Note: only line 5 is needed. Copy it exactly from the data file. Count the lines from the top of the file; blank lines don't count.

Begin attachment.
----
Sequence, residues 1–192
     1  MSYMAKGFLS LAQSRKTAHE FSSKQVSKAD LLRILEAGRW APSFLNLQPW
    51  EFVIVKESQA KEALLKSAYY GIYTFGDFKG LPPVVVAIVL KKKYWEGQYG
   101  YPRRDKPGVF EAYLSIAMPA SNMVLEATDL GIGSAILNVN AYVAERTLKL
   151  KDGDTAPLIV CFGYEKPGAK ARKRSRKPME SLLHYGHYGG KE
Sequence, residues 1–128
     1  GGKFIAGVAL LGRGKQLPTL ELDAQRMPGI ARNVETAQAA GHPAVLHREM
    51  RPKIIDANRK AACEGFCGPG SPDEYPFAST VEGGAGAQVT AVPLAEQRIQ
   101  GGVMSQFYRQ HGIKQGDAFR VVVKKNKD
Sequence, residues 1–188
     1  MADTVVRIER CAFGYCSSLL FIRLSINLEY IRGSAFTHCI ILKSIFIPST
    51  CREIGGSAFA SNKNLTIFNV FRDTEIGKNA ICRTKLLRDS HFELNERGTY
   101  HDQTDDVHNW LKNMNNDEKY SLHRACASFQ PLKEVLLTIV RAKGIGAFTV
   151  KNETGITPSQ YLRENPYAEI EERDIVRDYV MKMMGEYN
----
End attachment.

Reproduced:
   151  KDGDTAPLIV CFGYEKPGAK ARKRSRKPME SLLHYGHYGG KE